8 –> The still further irony of refusing to accept that there is a difference between what is accessible on empirical evidence and what is not, but may be discussed in light of well grounded empirical findings.

    >>My scientifc idea has no irony,>>

    9 –> Evolutionary materialistic scientism is worse than merely ironic, it is self-refuting by undermining scientists themselves, as say J B S Haldane long since pointed out:

    “It seems to me immensely unlikely that mind is a mere by-product of matter. For if my mental processes are determined wholly by the motions of atoms in my brain I have no reason to suppose that my beliefs are true. They may be sound chemically, but that does not make them sound logically. And hence I have no reason for supposing my brain to be composed of atoms. In order to escape from this necessity of sawing away the branch on which I am sitting, so to speak, I am compelled to believe that mind is not wholly conditioned by matter.” [“When I am dead,” in Possible Worlds: And Other Essays [1927], Chatto and Windus: London, 1932, reprint, p.209. (NB: DI Fellow, Nancy Pearcey brings this right up to date (HT: ENV) in a current book, Finding Truth.)]

    >> it does what it sets out to do; prove origins,>>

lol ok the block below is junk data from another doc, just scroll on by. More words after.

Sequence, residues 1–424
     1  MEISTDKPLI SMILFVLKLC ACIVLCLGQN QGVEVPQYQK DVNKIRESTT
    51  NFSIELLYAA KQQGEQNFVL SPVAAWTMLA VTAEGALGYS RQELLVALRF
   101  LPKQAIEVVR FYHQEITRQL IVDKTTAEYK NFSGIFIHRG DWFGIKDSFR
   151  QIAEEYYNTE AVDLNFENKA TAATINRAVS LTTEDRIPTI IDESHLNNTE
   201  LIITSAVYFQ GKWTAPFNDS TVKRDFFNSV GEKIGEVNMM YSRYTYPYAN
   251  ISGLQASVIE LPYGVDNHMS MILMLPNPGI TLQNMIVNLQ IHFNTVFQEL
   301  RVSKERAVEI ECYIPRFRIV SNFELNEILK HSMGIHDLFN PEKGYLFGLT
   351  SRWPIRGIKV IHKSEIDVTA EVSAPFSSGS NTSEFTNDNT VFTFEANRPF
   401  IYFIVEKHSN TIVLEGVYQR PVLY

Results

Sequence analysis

10 –> OoL on evolutionary materialism is in utter chaos and puzzlement, precisely because absent intelligently directed configuration, neither an FSCO/I-rich metabolic entity nor its von Neumann kinematic self-replicating facility are explainable.

    11 –> Which is precisely a prediction of ID. (And, the long running offer to host at UD a summary essay on the empirically warranted case for evolutionary materialistic origin of life and body plans up to our own is still open after several years, with no serious takers.)

    >> prove>>

    12 –> Proof, BTW, is not in the remit of science, not when it comes to theories which are inherently abductive explanatory frameworks that infer a best current, empirically anchored explanation.

    13 –> At best, scientific theories can achieve empirical reliability and credibility that leads us to trust them in say engineering or medicine.

    >>prove life is one system linked by evolution,>>

    14 –> The tree of life icon, pivoting on incremental changes has long since fallen on hard times, due to the abrupt discontinuities in the body plans of life, starting with the first, the living cell.